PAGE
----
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Which of the following sentences is correct?

I think the couple are too young to marry each other.

I think the couple are too young to get married to each other.

I know it's wrong to say "the film is too boring to watch it."

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    Remove the redundancy; 'the couple' forces a 'to each other' reading. << (A') I think the couple are too young to marry. // (B') I think the couple are too young to get married. >> Jun 18, 2022 at 13:32

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I think the sentence

the film is too boring to watch it

is problematic because if you replace the pronoun (it) with the content (the film), it becomes (is equivalent to):

the film is too boring to watch the film

Then, a film cannot watch itself.

But a couple can marry each other, or get married to each other. So the above problem does not apply.

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    But adding 'each other' is unnecessary. If they are described as 'a couple', it's clear that the potential marriage would be between them. Jun 18, 2022 at 7:38
  • @KateBunting I agree that with each other can be implied.
    – tinlyx
    Jun 18, 2022 at 8:11
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When you use "couple" as a plural word you are referring to two individual people who are linked. With this understanding both sentences are correct.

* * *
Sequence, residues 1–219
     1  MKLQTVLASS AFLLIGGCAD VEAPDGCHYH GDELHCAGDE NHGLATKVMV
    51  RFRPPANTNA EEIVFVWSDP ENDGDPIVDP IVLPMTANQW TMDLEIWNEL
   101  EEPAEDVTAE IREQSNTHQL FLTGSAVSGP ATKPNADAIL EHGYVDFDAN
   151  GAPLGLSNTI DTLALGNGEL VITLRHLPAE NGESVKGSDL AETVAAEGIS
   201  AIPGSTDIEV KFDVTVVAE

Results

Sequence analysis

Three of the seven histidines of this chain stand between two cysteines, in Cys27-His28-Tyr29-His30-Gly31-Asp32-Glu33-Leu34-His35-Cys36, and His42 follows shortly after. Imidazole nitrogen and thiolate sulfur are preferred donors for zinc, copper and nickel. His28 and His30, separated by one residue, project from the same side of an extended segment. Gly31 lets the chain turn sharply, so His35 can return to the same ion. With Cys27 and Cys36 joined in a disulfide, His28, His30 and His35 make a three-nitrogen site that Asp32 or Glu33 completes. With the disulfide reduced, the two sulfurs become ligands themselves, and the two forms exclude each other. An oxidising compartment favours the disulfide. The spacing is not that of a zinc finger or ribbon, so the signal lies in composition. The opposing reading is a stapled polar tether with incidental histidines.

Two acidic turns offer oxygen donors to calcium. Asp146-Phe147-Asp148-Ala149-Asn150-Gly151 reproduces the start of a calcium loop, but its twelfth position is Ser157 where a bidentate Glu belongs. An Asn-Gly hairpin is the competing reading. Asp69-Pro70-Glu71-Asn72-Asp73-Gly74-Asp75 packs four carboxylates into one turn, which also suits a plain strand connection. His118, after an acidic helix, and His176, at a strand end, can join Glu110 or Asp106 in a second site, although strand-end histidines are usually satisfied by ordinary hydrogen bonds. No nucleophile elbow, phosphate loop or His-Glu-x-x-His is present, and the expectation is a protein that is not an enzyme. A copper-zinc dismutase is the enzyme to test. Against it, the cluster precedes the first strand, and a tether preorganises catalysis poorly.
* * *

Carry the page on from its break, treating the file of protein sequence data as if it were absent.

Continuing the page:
Alternatively you could have used "couple" as a singular word, as in

I think the couple is too young to marry.

or

I think the couple is too young to get married.

In this case "couple" means a set of two people (in mathematical terms one set with two elements). The couple marries when its members marry each other, and adding "each other" to the last two sentences would be incorrect.

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  • This answer may work for the UK but not for the US. Jun 18, 2022 at 18:07
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You want to refer to the two people as two individuals. The word "couple" refers to them collectively, and therefore does not suit your purpose. So you could say "I think they are too young to marry each other." or "I think they are too young to get married to each other."

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